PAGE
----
What Wickline, Watson bring to Texas

Charlie Strong has more than six months to come up with his answer to the question, but Texas fans will demand to know by March.

What kind of offense will the Longhorns install this offseason? That’s all anyone has wanted to know since Strong was hired earlier this month.

The answer he’s offered up so far: A spread attack with a power run game.

“You look at Louisville, and we weren't a spread team. We lined up and had a good mixture. It is all about balance,” Strong said last week. “You look at Oklahoma, and it is a balance and what you want to see, a balance with your run and pass.

“You can talk about all those teams that throw the ball around, but at the end of the day, if you can't line up and run downhill and punch somebody in the mouth, then you are going to have issues.”

Strong is planning to marry the concepts and talents of offensive coordinator Joe Wickline, one of the nation’s premier offensive line coaches, with quarterbacks coach Shawn Watson, his OC at Louisville.

Let’s take a closer look at what Wickline and Watson achieved at their previous stops. If they can come anywhere close to recreating their recent success, Texas’ No. 66-ranked scoring offense in 2013 could be in for some promising changes.

Wickline at Oklahoma State

Wickline helped oversee one of the most successful offenses in in the country while coaching the Cowboys’ offensive line. The numbers certainly back that up.

Since arriving at OSU in 2005, Oklahoma State has had the No. 3 scoring offense in FBS with an average of 37.7 points per game. Over that same nine-year tenure, OSU ranked No. 5 nationally in total offense, fifth in yards per play and ninth in yards per rush.

Just as impressive: The Wickline-coached offensive lines gave up the third-fewest sacks in FBS over the past nine seasons.

Wickline comes from an offense that was best in the Big 12 in scoring, rushing, yards per play and explosive plays of 20-plus yards over the past nine years. His QBs were kept clean, averaging fewer than 15 sacks per season, and his rushers thrived, with four different backs combining for six straight All-Big 12 honors.

You can attribute that to Oklahoma State head coach Mike Gundy. You can credit the six different offensive coordinators OSU had during those nine years. It truly is remarkable production for that much staff turnover. But give Wickline his due credit, too.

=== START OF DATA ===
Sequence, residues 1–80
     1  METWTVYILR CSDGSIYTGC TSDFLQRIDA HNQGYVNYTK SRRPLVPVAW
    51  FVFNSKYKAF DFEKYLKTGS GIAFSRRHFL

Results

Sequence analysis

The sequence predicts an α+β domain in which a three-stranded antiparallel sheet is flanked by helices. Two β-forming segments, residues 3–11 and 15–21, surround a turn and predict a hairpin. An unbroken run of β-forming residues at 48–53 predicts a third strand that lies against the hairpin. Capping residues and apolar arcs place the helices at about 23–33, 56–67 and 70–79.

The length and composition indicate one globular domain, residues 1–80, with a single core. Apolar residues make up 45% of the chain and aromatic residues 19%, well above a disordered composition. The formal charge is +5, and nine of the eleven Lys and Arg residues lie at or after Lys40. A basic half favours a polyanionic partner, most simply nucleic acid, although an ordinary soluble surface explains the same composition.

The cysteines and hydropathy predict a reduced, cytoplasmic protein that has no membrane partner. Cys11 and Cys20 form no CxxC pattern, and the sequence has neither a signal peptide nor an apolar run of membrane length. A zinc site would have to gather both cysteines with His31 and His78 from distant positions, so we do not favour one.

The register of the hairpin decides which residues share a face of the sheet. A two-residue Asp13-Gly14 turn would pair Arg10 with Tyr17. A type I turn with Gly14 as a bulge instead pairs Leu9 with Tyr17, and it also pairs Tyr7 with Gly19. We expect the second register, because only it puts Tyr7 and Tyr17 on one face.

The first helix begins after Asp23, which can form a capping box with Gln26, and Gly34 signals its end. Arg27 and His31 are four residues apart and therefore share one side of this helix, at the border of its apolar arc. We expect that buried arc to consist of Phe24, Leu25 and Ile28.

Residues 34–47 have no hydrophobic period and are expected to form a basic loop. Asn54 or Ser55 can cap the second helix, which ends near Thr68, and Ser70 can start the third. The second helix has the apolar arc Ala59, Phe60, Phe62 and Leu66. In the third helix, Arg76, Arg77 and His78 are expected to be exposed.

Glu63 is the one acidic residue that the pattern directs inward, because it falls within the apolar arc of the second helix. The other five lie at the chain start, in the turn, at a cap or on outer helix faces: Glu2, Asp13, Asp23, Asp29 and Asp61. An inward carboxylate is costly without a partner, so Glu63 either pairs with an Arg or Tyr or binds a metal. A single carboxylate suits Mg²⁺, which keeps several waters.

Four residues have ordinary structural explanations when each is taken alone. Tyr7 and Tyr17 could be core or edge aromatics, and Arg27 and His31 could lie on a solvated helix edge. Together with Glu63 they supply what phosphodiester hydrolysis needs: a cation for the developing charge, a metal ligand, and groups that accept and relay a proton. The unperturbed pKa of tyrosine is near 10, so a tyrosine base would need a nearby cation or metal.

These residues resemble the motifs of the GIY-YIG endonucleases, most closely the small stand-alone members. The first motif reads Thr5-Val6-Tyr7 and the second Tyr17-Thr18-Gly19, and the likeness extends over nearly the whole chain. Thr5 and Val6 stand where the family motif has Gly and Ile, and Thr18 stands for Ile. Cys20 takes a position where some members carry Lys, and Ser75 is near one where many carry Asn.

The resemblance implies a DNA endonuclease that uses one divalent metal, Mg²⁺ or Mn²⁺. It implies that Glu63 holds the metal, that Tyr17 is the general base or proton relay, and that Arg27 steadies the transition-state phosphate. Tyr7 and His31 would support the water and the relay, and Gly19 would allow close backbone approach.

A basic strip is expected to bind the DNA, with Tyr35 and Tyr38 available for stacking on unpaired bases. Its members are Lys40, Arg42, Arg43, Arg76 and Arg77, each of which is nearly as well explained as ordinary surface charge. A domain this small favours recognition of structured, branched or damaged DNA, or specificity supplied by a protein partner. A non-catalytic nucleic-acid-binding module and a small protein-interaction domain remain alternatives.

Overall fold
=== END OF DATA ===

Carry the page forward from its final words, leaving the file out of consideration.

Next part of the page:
His offensive lines protected and paved the way for six top-20 offenses. Quarterback Zac Robinson started 36 games in his career and was sacked a total of 32 times. Brandon Weeden (26 starts) went down 21 times in his career. Clint Chelf took 18 sacks.

Meanwhile, Colt McCoy was sacked 92 times in 53 starts. David Ash has 22 starts and has already been sacked 30 times.

We don’t know what Wickline brings to the table as a play-caller. But we do know he helped build the foundation for one of the nation’s best spread attacks and comes to Austin with a wealth of knowledge on how to install a similar scheme at Texas.

Watson at Louisville

The three-year averages of Watson’s time as Louisville offensive coordinator are, well, average.

Since the start of 2011, Louisville’s offense ranked No. 53 in scoring and No. 58 in total offense nationally. But those stats don’t explain the growth the Cardinals enjoyed under Watson.

Just compare the offenses of 2011 and 2013. A 21.9-points-per-game offense evolved into 35.2 per game, which ranked in the top 25 nationally. Total offense went up 127 yards per game in two seasons, and Louisville went from 90th in FBS in yards per play to 12th.

The Cardinals enjoyed year-to-year improvements in nearly every major offensive statistic from 2011 to 2013, while remaining faithful to a 50-50 run-pass split.

And there is one statistic the Cardinals truly hung their hat on over these past three years: Their offense turned the ball over just 44 times, which tied with Alabama and Navy for second fewest in FBS. They had the fewest turnovers in the country in 2013 with 10, a number only three teams have bested in the past decade.

And yes, Teddy Bridgewater had an awful lot to do with this progress. You can also argue that Louisville’s conference competition weakened over this period due to realignment.

But the results are real, and it’s not hard to see why Strong brought Watson with him.

How Watson and Wickline will collaborate on this Longhorn offense remains to be seen. But if their last jobs are any indication, the future of Texas' offense appears to be in capable hands.